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al- Hakam II

Hakam II, al- (äl-häkämˈ) [key], 914–76, Umayyad caliph of Córdoba (961–76), son and successor of Abd ar-Rahman III. In the early part of his reign he successfully waged war against the Christian kings, Sancho I of León and Castile and García of Navarre. His naval forces defeated Norman sea raiders and seized (976) Tangier from the Idrisids, thereby annexing Morocco to Moorish Spain. A scholar and patron of the arts and sciences, al-Hakam II made Córdoba a preeminent center of learning. He amassed a library of approximately 400,000 volumes, established numerous schools, sponsored scholars and attracted to the university founded by his father Christians and Muslims not only from Spain but from other parts of Western Europe and from Asia and Africa.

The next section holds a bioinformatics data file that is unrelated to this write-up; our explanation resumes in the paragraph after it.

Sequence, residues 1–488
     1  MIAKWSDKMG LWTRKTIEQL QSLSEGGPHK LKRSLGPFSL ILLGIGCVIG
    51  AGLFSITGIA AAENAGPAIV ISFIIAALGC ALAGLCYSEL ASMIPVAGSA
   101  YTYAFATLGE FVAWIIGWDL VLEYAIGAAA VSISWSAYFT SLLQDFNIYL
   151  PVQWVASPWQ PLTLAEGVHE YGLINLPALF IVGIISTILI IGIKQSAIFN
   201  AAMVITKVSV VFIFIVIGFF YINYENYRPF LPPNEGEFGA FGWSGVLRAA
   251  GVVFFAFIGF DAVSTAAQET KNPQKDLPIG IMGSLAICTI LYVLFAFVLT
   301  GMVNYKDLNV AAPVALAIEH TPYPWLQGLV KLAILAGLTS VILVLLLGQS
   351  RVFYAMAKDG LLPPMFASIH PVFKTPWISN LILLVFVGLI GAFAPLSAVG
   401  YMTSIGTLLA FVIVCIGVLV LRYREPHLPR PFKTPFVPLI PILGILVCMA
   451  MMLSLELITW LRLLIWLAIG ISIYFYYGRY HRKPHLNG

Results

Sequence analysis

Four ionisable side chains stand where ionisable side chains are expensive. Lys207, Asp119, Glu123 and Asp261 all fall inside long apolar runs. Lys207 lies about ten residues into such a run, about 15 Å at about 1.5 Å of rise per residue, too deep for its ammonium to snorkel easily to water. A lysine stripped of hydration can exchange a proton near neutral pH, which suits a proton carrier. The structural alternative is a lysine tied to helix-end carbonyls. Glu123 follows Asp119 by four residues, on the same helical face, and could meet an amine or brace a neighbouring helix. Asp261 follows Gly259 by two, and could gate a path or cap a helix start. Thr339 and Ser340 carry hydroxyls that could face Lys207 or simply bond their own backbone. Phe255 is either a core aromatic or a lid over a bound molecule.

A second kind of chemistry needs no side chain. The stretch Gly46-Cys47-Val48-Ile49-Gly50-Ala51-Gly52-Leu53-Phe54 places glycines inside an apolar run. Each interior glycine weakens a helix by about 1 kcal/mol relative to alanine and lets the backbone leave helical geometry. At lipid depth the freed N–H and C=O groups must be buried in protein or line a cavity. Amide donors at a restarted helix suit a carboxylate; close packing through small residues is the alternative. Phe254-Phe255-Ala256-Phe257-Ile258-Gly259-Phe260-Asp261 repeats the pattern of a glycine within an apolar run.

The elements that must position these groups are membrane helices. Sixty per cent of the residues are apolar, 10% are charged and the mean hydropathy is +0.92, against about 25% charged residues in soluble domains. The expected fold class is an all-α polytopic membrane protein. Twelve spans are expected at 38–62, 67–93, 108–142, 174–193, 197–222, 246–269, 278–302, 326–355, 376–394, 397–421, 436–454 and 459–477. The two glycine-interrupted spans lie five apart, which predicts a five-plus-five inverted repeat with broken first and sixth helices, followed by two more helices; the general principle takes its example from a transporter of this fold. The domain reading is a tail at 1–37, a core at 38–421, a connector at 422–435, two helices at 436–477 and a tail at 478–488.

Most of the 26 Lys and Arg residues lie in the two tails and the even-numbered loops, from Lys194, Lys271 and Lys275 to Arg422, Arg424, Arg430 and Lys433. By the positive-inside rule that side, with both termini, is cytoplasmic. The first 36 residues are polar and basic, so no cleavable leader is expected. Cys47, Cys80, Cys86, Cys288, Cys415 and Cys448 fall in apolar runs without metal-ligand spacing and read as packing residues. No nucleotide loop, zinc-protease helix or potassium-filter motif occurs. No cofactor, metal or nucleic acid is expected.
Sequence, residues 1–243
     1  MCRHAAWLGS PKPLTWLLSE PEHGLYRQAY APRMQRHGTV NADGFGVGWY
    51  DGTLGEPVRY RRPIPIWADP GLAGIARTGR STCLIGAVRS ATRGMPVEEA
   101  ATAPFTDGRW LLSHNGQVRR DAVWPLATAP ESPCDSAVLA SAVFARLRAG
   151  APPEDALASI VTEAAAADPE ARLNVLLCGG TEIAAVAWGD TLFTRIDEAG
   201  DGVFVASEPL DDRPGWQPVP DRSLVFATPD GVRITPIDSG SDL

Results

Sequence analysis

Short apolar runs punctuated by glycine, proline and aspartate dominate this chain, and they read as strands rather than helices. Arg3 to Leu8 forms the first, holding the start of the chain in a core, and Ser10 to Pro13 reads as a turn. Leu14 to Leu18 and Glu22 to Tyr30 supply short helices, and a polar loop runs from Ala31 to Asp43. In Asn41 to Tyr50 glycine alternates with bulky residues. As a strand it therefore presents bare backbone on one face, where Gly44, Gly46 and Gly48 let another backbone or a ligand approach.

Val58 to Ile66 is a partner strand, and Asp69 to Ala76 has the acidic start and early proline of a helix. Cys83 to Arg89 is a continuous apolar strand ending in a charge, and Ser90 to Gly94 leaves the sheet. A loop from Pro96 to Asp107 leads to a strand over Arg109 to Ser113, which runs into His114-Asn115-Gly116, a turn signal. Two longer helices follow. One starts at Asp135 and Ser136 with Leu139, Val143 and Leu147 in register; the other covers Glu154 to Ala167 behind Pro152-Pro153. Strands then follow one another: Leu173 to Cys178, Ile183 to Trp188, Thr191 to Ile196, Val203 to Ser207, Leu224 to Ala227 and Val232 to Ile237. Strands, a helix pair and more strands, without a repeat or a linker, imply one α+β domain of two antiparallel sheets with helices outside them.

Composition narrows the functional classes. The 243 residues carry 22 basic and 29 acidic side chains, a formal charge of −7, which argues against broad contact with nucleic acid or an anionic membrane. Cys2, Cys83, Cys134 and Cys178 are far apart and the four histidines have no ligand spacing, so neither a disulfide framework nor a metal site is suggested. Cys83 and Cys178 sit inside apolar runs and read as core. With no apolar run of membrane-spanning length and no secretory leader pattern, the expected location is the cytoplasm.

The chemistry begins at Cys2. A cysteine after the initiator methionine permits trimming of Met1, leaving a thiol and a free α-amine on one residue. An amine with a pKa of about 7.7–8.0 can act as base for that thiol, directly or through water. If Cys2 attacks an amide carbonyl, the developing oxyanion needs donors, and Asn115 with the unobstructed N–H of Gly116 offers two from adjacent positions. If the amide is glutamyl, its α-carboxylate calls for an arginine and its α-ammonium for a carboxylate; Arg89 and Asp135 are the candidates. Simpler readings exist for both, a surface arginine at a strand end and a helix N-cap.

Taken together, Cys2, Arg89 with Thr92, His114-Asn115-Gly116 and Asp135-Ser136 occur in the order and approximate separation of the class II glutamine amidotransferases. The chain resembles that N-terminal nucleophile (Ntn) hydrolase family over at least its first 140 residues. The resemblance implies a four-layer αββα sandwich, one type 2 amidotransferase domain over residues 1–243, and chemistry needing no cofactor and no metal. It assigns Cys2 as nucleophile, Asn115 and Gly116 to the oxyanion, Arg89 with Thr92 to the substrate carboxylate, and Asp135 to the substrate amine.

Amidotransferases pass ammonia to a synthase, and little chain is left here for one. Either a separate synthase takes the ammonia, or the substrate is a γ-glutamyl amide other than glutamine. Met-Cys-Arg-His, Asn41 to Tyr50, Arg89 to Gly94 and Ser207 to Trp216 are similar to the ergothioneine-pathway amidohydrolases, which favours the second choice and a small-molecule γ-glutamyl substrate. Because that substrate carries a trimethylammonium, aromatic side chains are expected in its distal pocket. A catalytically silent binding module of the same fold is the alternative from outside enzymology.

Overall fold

The Columbia Electronic Encyclopedia, 6th ed. Copyright © 2012, Columbia University Press. All rights reserved.

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